COOPER: “The Place Beyond the Pines.” And we didn’t meet until the premiere. I went into the editing room with Derek [Cianfrance], and that was the first time I had seen you, and wow.

ALI: What was that like for you? Derek, he did “Place Beyond the Pines” and “Blue Valentine.” You’ll see the scene, it’ll be written, and he may want you to do a take or two of what is written — but in general you throw it all away and perform the essence of what is there. Are you comfortable working like that?

COOPER: All we’re trying to do is capture a truthful moment, right? So whatever one needs to do. I like the extremes to which he does it. I had to take the police academy test, which I dug, and do all that research he wanted me to do, which I love doing.

Derek did this show on HBO [“I Know This Much Is True”] where it’s similar to what you just did in “Swan Song,” where Mark [Ruffalo] had to act off himself. A guy I went to grad school with, Gabe Fazio, gained weight, did all the stuff to create the other brother. Did you have somebody?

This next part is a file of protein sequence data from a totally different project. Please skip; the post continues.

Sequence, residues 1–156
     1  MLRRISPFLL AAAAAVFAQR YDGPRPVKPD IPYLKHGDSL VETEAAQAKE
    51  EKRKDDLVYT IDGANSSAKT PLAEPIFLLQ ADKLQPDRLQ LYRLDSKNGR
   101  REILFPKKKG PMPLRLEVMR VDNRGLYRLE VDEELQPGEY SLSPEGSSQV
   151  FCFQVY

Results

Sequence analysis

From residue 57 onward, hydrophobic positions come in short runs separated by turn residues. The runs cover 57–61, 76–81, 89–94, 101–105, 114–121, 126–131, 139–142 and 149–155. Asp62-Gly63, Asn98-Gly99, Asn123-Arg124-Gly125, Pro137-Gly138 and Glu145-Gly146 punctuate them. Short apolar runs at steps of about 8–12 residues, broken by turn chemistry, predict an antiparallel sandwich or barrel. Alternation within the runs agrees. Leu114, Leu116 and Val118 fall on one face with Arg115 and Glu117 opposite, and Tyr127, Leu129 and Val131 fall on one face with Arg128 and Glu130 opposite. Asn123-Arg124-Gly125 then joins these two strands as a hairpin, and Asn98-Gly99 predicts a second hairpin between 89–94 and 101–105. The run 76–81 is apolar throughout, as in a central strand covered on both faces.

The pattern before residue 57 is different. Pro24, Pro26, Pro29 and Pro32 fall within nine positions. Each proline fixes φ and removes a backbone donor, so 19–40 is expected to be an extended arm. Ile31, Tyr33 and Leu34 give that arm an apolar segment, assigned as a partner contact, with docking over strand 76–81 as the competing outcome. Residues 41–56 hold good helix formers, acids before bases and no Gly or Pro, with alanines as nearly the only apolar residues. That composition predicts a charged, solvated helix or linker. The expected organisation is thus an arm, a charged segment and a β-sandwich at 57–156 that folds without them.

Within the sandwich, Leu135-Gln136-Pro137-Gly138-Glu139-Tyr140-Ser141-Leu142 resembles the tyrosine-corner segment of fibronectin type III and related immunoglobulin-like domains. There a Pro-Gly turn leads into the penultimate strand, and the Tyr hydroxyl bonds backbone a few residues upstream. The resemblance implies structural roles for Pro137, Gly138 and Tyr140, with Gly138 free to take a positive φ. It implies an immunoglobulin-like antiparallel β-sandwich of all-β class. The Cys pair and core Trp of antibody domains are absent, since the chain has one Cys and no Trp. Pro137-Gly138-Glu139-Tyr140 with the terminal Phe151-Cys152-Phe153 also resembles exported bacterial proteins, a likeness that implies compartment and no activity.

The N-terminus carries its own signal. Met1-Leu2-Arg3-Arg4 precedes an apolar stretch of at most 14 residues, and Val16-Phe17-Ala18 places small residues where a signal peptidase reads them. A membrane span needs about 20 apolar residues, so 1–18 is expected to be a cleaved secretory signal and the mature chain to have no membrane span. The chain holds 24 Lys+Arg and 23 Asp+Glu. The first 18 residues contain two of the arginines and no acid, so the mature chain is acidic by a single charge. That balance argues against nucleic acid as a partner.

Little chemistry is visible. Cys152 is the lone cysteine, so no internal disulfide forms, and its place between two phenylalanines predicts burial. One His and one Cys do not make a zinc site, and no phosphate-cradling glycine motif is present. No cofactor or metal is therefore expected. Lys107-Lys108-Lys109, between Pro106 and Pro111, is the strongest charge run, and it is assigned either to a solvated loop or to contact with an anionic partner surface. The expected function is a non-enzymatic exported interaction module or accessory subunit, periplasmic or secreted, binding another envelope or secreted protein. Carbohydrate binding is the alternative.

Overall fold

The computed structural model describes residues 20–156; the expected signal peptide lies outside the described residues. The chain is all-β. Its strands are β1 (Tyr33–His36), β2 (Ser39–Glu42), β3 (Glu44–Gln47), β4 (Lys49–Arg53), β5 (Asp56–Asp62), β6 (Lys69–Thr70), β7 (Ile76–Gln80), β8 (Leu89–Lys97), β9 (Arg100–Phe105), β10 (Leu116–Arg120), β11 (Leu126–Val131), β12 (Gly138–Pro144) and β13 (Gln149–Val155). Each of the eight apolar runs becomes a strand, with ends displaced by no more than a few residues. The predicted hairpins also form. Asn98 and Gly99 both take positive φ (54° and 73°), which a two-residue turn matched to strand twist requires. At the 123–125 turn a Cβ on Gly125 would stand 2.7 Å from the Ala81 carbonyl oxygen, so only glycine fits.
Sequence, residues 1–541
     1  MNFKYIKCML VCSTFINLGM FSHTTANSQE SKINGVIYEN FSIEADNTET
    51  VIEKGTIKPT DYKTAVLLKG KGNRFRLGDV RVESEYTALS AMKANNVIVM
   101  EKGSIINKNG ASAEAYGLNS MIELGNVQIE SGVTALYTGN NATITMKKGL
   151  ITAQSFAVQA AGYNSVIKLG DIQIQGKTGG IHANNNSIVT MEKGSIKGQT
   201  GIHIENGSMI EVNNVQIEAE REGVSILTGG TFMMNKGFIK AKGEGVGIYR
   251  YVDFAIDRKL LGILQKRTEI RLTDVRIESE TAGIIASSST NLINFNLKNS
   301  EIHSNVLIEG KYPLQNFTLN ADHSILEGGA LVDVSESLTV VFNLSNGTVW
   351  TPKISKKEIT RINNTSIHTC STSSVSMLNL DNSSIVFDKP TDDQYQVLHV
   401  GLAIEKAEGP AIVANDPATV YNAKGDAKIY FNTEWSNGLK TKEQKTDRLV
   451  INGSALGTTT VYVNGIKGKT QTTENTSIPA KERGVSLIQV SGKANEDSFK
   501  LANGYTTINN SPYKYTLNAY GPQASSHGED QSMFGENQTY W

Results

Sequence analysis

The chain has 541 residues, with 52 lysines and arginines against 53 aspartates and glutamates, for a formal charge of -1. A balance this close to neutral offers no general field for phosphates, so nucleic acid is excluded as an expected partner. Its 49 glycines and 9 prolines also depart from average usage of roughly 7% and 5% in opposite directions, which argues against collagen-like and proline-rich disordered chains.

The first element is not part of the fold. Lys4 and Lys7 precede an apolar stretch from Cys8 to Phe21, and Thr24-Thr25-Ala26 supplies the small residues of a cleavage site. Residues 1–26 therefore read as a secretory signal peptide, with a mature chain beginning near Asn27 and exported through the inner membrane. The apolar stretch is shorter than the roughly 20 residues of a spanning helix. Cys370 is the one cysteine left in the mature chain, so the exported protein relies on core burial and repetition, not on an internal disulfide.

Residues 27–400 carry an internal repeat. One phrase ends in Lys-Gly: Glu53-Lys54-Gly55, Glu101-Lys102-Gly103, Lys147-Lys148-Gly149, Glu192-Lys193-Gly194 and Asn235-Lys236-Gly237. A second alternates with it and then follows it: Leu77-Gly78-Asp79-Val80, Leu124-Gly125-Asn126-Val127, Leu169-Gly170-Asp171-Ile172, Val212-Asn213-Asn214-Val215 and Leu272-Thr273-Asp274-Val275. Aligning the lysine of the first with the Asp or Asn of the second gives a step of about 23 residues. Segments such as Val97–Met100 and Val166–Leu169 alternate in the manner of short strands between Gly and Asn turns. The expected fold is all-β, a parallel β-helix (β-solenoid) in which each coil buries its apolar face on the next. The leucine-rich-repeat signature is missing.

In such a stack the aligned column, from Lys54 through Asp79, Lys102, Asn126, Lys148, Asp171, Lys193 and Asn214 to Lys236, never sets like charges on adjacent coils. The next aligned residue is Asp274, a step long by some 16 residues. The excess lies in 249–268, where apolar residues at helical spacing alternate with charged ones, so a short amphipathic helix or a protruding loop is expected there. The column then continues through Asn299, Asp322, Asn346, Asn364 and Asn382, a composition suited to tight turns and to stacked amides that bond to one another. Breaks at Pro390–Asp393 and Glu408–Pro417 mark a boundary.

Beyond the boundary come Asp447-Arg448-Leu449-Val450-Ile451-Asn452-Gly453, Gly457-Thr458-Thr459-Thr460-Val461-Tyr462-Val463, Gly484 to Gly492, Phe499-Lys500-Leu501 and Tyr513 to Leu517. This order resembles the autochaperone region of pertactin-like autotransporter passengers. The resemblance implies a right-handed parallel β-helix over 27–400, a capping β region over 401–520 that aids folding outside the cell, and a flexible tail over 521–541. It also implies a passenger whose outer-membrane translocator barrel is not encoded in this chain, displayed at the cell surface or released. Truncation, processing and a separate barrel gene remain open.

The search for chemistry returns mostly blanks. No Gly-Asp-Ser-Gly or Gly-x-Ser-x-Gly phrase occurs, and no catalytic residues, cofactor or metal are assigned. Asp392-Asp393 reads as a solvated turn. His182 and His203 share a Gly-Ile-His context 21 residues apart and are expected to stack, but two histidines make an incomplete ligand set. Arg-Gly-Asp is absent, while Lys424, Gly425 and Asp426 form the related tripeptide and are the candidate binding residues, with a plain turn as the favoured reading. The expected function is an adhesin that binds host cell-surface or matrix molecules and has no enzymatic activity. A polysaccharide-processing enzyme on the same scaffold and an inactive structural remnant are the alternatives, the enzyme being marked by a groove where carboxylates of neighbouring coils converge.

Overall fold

ALI: I did. I had a gentleman by the name of Shane Dean. I got to read with him via Zoom before we started filming. His essence felt right. It felt like a match where I was working off a version of myself. Rhythm, spirit and tone.

COOPER: So you’re doing scenes with Shane Dean?

ALI: Yeah. We’re doing scenes and then basically switching. It is challenging in the beginning, but it begins to wake up and understand that I’ve just got to switch. And you don’t over-question it, and you jump in. In essence, you’re playing two characters, but if you just committed to playing the one you’re playing in the moment, then you’re always only playing one character.

COOPER: I remember this guy in our business was like, “Hey, I saw ‘War Dogs.’ Best thing you’ve ever done.” I was like, “Oh, really? OK.” So I’ll try not to say that. But I was broken by what you did. Man, you’re so good, dude.